Ceci est la version anglaise. Pour lire l’interview en français, cliquez ici
A couple of months ago, my online ramblings led me to cross path with Maxim, the artist behind the one-man Drone act Allsiah. I had been enjoying his music for a few months and little did I suspect that I would be interviewing the person behind the riffs, not long after the release of the first Allsiah full-length, Hallowed Halls, Consecrated Stone. We had an Internet chat about music, anarchism, the UK scene, punching nazis in the face, and cloth. Here is what came out of it 🙂
First of all, thank you for agreeing to this interview ! I understand the past few months and especially the last few weeks have been especially busy for you, with the album coming out and your work at Desertfest London. How are you today ?
Hey, no worries! It’s been pretty busy but no rest for the weary, I’m one of those people that doesn’t really stop, I struggle to do nothing but I wouldn’t have it any other way.
I’d like to talk about your one-man Drone / Ambient Metal project Allsiah, under which you just released your first full length. Can you tell me about the inception of the project ? When did it happen and what was the initial drive ? The main influences, musically speaking ?
Yeah of course. I’ve always been interested in doing music outside of a traditional full metal band context, I started with a black/doom two-piece called Sunderer where I tried to play interesting riffs but also sound huge? The easy trap for two-pieces is to only play single note/power chord riffs whereas my challenge was to play full chords, sound big but also somehow maintain clarity. I’ve always loved Drone music and wanted to do it as a solo project that maintained the same focus and was viable in a live context so when Sunderer broke apart in early 2020 thanks to the drummer turning into a fashy dickhead (yikes, go figure that one out), it was the perfect opportunity to say « fuck it » and make it happen.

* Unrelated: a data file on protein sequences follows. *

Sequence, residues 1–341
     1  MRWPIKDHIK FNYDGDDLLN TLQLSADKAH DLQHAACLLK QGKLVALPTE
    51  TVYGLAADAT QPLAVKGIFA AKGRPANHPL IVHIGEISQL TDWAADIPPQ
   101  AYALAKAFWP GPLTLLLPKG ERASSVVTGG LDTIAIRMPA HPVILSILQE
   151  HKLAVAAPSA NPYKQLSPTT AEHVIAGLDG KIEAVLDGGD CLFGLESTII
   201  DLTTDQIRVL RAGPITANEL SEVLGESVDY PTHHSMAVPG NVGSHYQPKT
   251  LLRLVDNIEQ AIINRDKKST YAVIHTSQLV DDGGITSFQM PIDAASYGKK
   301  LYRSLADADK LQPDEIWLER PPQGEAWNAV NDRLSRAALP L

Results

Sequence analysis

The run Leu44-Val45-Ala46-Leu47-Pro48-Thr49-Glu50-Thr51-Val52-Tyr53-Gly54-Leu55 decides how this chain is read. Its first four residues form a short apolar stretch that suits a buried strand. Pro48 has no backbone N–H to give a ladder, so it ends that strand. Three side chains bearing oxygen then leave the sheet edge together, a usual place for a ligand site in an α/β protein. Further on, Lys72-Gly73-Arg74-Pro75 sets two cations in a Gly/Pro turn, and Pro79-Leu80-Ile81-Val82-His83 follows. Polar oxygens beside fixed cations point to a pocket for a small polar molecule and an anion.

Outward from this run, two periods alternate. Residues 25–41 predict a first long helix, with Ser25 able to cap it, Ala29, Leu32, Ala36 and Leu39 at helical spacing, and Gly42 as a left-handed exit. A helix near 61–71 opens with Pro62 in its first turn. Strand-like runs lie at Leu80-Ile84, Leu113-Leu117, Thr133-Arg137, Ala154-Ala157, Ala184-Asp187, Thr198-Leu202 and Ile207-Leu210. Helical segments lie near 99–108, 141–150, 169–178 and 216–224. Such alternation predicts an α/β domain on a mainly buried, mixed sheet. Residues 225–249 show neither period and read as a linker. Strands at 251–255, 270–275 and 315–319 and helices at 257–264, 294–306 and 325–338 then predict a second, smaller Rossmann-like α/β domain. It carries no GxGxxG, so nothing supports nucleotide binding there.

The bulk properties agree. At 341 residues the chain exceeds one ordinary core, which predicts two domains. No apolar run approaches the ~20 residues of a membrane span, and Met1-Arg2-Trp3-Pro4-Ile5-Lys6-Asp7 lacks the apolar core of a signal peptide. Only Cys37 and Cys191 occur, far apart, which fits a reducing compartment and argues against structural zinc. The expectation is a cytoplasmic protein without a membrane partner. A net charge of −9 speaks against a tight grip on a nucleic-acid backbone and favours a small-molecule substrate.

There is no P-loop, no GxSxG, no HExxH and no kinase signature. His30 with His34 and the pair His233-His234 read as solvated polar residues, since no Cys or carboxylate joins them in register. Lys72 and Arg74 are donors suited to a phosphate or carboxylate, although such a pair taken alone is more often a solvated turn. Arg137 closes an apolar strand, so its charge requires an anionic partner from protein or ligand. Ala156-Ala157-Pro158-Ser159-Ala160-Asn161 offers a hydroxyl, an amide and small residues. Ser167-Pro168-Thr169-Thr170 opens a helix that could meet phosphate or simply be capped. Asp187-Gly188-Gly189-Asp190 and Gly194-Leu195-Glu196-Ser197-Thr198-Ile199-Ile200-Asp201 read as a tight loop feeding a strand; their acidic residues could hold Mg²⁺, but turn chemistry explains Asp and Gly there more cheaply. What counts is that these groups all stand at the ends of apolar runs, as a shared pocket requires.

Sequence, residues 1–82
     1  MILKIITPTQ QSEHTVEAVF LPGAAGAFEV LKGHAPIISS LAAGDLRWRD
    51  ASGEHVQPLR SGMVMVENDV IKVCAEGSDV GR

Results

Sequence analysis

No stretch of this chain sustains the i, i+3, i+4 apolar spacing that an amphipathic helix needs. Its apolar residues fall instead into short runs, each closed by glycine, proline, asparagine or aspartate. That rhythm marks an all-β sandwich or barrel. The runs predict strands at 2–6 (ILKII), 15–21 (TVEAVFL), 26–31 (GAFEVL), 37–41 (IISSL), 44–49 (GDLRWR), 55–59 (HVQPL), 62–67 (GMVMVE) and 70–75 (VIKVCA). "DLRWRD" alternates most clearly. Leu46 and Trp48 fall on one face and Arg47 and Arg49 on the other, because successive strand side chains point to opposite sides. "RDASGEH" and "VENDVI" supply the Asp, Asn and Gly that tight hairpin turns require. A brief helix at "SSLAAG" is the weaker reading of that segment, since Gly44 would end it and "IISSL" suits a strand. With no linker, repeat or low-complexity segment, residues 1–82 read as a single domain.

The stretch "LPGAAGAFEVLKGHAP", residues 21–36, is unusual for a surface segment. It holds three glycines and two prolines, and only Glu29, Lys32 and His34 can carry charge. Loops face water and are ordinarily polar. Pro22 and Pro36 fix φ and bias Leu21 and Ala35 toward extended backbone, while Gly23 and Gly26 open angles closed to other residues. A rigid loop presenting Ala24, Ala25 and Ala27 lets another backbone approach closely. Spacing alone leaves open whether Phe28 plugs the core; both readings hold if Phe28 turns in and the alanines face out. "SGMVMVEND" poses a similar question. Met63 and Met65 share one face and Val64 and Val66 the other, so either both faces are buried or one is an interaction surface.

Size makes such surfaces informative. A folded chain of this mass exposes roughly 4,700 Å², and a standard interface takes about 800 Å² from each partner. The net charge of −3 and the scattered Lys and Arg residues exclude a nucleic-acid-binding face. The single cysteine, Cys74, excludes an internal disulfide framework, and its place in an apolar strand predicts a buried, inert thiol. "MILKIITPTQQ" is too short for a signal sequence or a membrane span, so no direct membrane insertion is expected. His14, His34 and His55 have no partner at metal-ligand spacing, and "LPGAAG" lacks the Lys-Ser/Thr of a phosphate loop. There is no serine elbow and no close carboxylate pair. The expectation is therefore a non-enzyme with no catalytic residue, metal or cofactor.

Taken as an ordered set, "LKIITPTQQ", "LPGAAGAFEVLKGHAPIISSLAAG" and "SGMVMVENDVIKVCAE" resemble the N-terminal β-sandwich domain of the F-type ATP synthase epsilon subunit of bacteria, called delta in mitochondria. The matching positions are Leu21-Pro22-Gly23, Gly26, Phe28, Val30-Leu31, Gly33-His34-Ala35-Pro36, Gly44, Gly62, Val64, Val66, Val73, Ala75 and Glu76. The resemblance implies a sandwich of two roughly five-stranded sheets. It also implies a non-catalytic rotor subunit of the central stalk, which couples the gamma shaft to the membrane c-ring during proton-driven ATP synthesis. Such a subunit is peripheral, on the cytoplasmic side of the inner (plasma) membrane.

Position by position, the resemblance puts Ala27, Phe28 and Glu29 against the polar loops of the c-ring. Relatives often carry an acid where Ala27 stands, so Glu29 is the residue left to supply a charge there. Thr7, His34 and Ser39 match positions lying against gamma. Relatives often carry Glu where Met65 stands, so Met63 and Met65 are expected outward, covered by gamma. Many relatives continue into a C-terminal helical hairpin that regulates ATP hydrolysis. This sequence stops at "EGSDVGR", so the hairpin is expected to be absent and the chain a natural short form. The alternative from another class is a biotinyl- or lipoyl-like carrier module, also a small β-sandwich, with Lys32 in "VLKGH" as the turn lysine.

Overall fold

I play a few mixed bill shows and people who aren’t aware of drone as an entity always give me weird looks and ask why I don’t have a drummer, but for me it’s about playing the music I’ve always wanted to play. I’m (surprisingly) not a guitarist’s guitarist, I don’t have a favourite player or influence, my main overreaching goal is to make heavy and emotional music that people can empathise with; whilst it’s fairly musically disparate influence-wise think the mindset and goals of Conjurer, Sarah Davachi, Bismuth, Hypothermia and Amenra all somehow rolled into one, but through drone.
Let’s talk a bit about the underlying themes in Allsiah. From the song titles and the fact that you qualify Allsiah as “Devotional Drone”, I guess there is something to do with spirituality, in particular Christian spirituality. Am I looking in the right direction ?
That’s definitely in the right direction! Whilst I’m not religious or spiritual to any great extent personally, I was brought up in a semi-religious environment, we had to go to chapel every week at school and I have a few fairly religious family members so it’s always been a fairly inseparable part of my life, if not so much as an influencing factor to me and my behaviour then certainly something I’ve always been aware of.
For me, religious imagery, architecture and themes have always felt fairly powerful and emotive and something I think that many people that have been brought up in a western/christian environment can empathise with. I’m all about context and meaning behind music however I’m also a firm believer in personal experience. If I played you black metal song and told you it was about walking alone in frost-bitten Scandinavian forests you would listen to that track with a different mindset and experience it differently than if I told you it was about the deep struggles someone faces when lost in a crowd of people in a city.